Anyway, I always loved basketball, but when I was 13, I had The Moment. My dad had a business trip in Chicago, and he took me along and surprised me with Bulls tickets. This was ’97 peak Bulls. Peak MJ. I lost my shit. We walk in the building, and the lights go down, and they’re about to do the classic intro, and there was this feeling in the air. I can’t explain it better than that. It was this atmosphere. It was on another level.
The neon lights start flashing, and that song starts (you know the song), and they announce number 23, and everyone loses their minds. I can still remember every single detail. I can remember actually thinking, I’m gonna play in the NBA someday. I’m gonna be out there.
From that moment, my whole identity, my whole life, was basketball. I didn’t really have other interests. I didn’t do anything else. I was a gym rat. I patterned my game on finesse and scoring. I went through high school and college thinking that I was going to be the next Dirk Nowitzki.
When I got drafted by Utah, I thought that I was going to be a superstar scorer, 100%.
I was still a cocky little punk.
Then, I’ll never forget, one of our first games, we were playing against Dirk and the Mavs, and Don Nelson was their coach. I get into the game, and every single time they come down the floor, Nelson was running down the sideline screaming out plays with my number at the end.
Every single time.
ISO! … 43! 43!
SWING! SWING! … 43! 43! 43!
It took me about four trips down the floor to realize that when they call your number like that in the NBA, it means “run it straight through the punk-ass rookie every time.”
I got roasted. It was like, “Oh, this is the NBA. They’ll just shit on you, no questions asked, and there’s nothing you can do about it.”
The first couple seasons, I just didn’t get it. I didn’t understand how you had to act. I came up believing in that whole MJ killer mentality, and I thought you had to be kind of cocky. But I wasn’t MJ. I was averaging three and three.
Then one day, my agent, the great Dan Fegan (rest in peace), gave me the best advice I’ve gotten in my entire career. Maybe my entire life. He said, “Kris, I’ll let you in on a little secret. If you want to last in this league for a long time, people have to actually like you. And you know what? Let’s just call it like it is. People don’t like you.”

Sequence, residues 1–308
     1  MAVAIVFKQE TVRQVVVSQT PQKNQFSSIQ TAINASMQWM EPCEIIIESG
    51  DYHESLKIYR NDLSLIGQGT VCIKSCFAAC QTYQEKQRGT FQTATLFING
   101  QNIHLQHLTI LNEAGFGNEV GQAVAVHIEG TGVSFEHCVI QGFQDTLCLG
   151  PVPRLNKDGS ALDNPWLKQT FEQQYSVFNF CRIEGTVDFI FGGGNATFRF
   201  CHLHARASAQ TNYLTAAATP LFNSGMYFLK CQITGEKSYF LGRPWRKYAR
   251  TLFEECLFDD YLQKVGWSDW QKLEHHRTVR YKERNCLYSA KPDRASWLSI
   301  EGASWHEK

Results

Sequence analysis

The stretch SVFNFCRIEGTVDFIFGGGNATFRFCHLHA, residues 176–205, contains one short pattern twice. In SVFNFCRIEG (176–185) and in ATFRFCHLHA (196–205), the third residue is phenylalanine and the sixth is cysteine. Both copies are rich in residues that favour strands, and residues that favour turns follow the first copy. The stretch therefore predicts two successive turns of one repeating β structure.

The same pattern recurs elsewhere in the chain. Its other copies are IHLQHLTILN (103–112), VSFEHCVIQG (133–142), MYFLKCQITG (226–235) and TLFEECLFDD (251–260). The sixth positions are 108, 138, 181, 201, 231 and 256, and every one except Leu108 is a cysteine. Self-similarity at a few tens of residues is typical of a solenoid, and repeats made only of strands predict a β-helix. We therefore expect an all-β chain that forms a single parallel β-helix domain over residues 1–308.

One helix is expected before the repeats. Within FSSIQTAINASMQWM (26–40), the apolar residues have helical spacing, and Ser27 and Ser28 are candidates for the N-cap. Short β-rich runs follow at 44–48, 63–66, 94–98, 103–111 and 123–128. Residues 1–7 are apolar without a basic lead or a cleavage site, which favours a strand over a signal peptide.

I know it sounds really simple, but I can tell you, after grinding through 13 NBA seasons, that a big part of sticking around, if you’re not a superstar, really comes down to … “Is this a decent dude who’s gonna shut up and work hard?”
If not, there’s 1,000 other guys who can jump out the gym. The thing is, there’s always another level to the grind. I always wanted to be Dirk, but I didn’t really understand the work Dirk put in to be Dirk. When I got traded to the Mavs, I remember showing up the first day of camp, and I was chatting with our trainer, and I said, “Man, just wait. I’m gonna be the hardest worker in this gym.”
And he’s like, “LOL, NAH.”
I said, “I swear. Watch.”
And he said, “Yeah, no. There’s a guy you might’ve heard of named DIRK.”
Ronald Martinez/Getty Images
People think of Dirk as this silky shooter, but his work ethic was ridiculous. I’d get in two hours before practice, thinking I’m going to beat him to the gym, and he’d already be in there with his German shooting guru, practicing the wildest scenarios you could ever imagine. The dude would be shooting turnaround jumpers off one leg, squatting, with his guru’s hand in his face.
I’d say, “Dirk, when is that situation ever gonna happen in a game?”
And Dirk would say, “You never know.”
He was hilarious. He used to call everyone “Burgers.” I don’t know if it’s a German expression or something he just made up. But if he thought you were a clown, you were a “Burger.” So if some dude on the other team was trying to do reverse dunks or whatever during shootaround, Dirk would shake his head and say, “Get a load of this Burger.”
Or if we were up 20 and he was coming off the floor in the fourth quarter, he’d turn to the bench and laugh, like, “What a bunch of Burgers.”Dirk? He doesn’t even need to practice. He’s f****** Dirk.